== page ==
I'm curios. If it's been released, why does it not appear at Updates page as available? I've heard...'this week'.
|Aimed at IT professionals and administrators, the full network install package weighs in at a lofty 270 MB, and is thus unsuitable for most average users. However, if you're waiting for the Automatic Updates or Windows Updates release of XP SP2--and all indications are that you likely will continue to wait for some time--and have a broadband account, the full network installation package might be just a ticket. |
Windows .NET Magazine [winnetmag.com]
MIght not be relevant to this post but How do I actually save those patches onto a CD & install it on other PC's with the same OS?
I've heard it on TechTv but I don't know how to go about it. ANyone? Thanks
I heard it was just 80Mb and you could use Auto-update to get it in chunks.
Oddly enough, IBM has said that no one in their company can install SP2 due to issues. Story is covered on ZDNet and Slashdot.
"...IBM last week told employees to hold off installing SP2 until Big Blue can fully test and customize it. The company's technology department said the delay is "due to known application problems and incompatibility with IBM workstation applications."
Welcome to WebmasterWorld, brat. The IBM story is in fact almost entirely spurious. I know someone who works for IBM, and with over 500,000 Windows machines on their internal network, IBM uses their own Windows Update mechanism including their own customized patches. The warning was simply standard practice and a reminder that IBMers should be using the company's update process not going out on their own.
The possible incompatibility issues are due to the customization of the IBM Windows installation against which MS would not have tested.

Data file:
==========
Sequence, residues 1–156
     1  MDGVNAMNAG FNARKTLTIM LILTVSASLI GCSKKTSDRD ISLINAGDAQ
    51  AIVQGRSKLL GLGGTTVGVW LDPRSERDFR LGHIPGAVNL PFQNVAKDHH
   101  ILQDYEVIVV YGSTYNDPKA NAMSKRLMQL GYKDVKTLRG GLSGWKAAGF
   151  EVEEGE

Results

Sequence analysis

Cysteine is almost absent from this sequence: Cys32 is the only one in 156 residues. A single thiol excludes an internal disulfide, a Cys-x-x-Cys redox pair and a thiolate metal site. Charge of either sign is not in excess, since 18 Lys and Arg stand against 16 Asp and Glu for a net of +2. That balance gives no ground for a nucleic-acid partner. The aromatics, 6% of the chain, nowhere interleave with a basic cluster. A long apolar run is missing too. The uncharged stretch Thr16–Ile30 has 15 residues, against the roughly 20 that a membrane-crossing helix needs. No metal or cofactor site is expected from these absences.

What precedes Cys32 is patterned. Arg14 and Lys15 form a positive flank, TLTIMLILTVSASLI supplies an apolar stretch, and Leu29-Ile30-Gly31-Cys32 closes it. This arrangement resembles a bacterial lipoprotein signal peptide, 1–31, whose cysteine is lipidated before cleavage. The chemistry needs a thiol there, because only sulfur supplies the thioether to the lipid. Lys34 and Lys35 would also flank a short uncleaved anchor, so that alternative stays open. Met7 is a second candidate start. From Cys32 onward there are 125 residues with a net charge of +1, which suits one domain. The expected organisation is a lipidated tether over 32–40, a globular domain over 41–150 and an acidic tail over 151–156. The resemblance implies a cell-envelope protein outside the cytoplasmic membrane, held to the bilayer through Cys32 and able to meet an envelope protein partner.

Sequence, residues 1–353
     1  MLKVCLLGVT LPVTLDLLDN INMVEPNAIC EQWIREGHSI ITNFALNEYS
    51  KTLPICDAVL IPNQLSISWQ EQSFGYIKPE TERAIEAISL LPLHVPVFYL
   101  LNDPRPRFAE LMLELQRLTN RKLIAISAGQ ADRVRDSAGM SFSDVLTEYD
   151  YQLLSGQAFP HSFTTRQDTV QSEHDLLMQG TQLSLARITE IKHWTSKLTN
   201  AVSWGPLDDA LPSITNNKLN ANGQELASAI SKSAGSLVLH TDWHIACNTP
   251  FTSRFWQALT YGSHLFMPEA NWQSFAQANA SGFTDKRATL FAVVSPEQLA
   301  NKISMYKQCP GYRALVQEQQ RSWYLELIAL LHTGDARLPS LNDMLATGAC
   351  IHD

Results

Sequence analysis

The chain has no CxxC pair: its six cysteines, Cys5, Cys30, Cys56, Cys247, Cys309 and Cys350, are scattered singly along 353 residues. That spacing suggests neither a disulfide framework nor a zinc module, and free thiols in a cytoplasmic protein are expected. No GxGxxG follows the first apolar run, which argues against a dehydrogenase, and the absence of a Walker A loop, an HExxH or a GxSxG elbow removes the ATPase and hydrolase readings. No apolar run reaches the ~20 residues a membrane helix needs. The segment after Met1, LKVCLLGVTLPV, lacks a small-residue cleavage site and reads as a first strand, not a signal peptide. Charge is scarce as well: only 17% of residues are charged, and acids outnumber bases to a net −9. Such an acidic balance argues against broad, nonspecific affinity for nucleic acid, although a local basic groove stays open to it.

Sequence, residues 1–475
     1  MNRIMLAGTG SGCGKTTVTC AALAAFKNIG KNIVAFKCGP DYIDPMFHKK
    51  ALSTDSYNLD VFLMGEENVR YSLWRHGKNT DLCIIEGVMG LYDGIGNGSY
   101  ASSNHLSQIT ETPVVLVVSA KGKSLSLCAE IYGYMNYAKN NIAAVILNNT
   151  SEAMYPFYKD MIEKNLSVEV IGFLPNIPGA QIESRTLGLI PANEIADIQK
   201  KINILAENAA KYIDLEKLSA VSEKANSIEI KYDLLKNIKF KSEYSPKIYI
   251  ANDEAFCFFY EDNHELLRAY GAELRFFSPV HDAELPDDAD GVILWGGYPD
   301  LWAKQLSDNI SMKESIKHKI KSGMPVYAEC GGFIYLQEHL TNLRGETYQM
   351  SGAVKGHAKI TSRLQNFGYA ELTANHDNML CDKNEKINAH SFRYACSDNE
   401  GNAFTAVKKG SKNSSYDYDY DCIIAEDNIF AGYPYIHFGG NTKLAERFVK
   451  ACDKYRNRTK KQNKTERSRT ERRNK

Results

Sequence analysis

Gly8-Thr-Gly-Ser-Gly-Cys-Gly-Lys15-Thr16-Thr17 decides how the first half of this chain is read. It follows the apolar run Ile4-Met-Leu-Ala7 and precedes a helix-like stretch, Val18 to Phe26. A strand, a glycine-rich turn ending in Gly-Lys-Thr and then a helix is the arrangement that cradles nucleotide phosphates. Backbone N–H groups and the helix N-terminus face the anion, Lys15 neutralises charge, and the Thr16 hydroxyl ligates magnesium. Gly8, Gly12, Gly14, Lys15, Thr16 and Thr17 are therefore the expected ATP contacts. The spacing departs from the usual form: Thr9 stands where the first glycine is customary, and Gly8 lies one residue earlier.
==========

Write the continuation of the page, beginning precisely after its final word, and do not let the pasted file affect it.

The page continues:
It is the same situation for every medium to large business which manages their Windows updates centrally.
I've been using the pre-release version for a couple of weeks, no problems at all.
I plan on rolling it out to all my internal clients when the public release has been issued.
|Maybe I'm being subliminally encouraged to upgrade? |
Maybe . . . why don't you try upgrading your browser to FireFox and see if IE stops crashing? ;)
|Oddly enough, IBM has said that no one in their company can install SP2 due to issues |
Its typical of big companies - it is not uncommon for them to threaten abandon support of their own software on client boxes if client anyhow modifies it without authorasation. Of course this is also a lucrative revenue stream resulting from authorised changes....
But to be fair I am with IBM on this one - people don't really know what they are upgrading, and fundamentally living few more weeks on as unprotected boxes as last few (2?) years makes sense in order to avoid business disruption. With all sneaky changes like limiting number of open connections to any given port I am not suprised they want to thread carefully - personally I prefer to learn on others experience first :)
Is there anything on this SP2, that would make me go "I have to install this?"
[edited by: Chndru at 2:40 pm (utc) on Aug. 11, 2004]
F Y I